Researchers at the Indian Institute of Science (IISc) have identified how a key midbrain region plays a vital role in attention in humans, using advanced imaging and modelling techniques.
The human brain is constantly bombarded with information. It is through attention that it makes decisions efficiently: it processes relevant information and tunes out distractions. Understanding how attention works in the brain and how it controls behaviour can help scientists understand disorders such as Attention-Deficit Hyperactivity Disorder (ADHD), according to Devarajan Sridharan, Assistant Professor at IISc's Centre for Neuroscience and his Ph.D. student Varsha Sreenivasan, who recently published their findings in the Proceedings of the National Academy of Sciences.
Attention is widely associated with the outermost layer of the brain tissue called the cerebral cortex, which is also linked to awareness, thoughts, memory, language, and consciousness. It is only recently that scientists began linking a midbrain region called the superior colliculus (SC) with attention.
"SC is an evolutionarily conserved midbrain structure that can be found in all vertebrates, including fish, lizards, birds and mammals. It is usually studied for its role in controlling eye movements," explains Sreenivasan.
To demonstrate its role in attention, scientists had in recent years studied behaviour in monkeys during attention-demanding tasks. They observed that the monkeys were attentive when the SC was stimulated and distracted when this part of the brain was silenced.
But scientists were not sure how exactly SC promotes attention in humans: Was it focusing on the target visual stimulus over several others for decisions (increased choice bias) or was it enhancing the visual clarity of the target stimulus (increased visual sensitivity)? Bias- or sensitivity-mediated attention plays out in situations that require rapid and selective decision making, for instance, at a traffic signal.
Consider this example: you are driving on a foggy morning and you stop at a signal. The signal appears green, but you are unsure. As you are in a hurry, your brain decides that it is green and you drive away. In this case, your choice bias towards the green signal is guiding your decision. In an alternate scenario, you see that the fog is lifting gently. You detect a flicker of the green light and you drive away. Here, your visual sensitivity towards the green signal increases, which then helps your decision-making process. While a few recent studies have made the case for SC's role in controlling choice bias, others have leaned towards visual sensitivity.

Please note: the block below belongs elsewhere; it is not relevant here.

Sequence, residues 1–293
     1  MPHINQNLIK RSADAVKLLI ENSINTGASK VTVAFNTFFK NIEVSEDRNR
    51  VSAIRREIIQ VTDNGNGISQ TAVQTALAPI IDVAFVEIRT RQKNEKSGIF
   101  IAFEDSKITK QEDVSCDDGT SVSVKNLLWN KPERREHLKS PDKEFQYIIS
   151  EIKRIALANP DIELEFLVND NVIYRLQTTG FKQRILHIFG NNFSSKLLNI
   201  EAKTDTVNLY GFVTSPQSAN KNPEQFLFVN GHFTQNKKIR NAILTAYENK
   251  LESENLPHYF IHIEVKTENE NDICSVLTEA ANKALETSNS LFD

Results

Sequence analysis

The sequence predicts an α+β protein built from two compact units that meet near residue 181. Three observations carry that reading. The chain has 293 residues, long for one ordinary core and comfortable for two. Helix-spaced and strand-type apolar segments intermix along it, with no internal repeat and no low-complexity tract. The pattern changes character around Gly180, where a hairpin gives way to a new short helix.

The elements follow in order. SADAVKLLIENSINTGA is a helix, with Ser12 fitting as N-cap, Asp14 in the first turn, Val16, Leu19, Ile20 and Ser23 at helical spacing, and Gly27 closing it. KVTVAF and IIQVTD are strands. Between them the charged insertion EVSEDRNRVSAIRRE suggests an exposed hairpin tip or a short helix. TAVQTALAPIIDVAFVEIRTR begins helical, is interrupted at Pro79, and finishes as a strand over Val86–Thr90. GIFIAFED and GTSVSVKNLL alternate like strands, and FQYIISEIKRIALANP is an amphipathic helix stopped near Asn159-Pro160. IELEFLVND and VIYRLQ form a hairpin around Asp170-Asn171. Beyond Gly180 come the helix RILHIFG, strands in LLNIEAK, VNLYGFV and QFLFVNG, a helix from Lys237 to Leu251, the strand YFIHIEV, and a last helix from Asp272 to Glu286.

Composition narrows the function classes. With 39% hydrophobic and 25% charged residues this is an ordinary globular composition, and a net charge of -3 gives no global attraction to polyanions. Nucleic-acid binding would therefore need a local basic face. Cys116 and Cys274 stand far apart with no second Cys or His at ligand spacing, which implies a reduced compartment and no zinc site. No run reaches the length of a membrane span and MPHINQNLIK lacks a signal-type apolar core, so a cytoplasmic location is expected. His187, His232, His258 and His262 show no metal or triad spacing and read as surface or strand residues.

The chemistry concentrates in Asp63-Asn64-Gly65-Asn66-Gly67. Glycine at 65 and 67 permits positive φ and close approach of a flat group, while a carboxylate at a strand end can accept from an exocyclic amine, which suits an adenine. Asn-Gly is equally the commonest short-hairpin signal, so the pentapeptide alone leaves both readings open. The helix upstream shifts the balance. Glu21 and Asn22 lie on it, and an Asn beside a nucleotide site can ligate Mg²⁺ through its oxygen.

To address this debate, in the current study, Sreenivasan and Sridharan conducted two sets of experiments in human participants, using non-invasive techniques. In one, they conducted a behaviour test on 22 participants, where they tracked changes in bias and sensitivity during attention-demanding tasks. In the second experiment, they studied the anatomy of SC in 82 participants, including the 22 tested earlier. Using an imaging technique called diffusion Magnetic Resonance Imaging (dMRI), and a 3-D modelling technique called tractography, they tracked white matter fibres in the brain connecting the SC with other regions, including the cortex.
When they compared the results of the two experiments, they found that SC strongly connects with a part of the cerebral cortex called the parietal cortex, which has previously been associated with attention. They also show that the strength of SC-cortex connectivity can predict individuals' bias, but not sensitivity.
"We also show that choice bias is stronger, on average, towards the right side of our visual field. Interestingly, SC connections in the cortex also mirror this asymmetry for bias, which further underscores the relationship between SC and bias," explains Sridharan.
In the future, the team plans to study the activity of SC using a different imaging technique called functional MRI (fMRI) that can identify increased blood oxygen levels in areas of the brain that are activated during tasks. Sreenivasan adds, "Through fMRI, we will investigate if SC's activity correlates with behavioural measures of sensitivity and bias. Our approach can also help understand if SC-cortex connection asymmetries are predictive of certain kinds of attention disorders such as ADHD."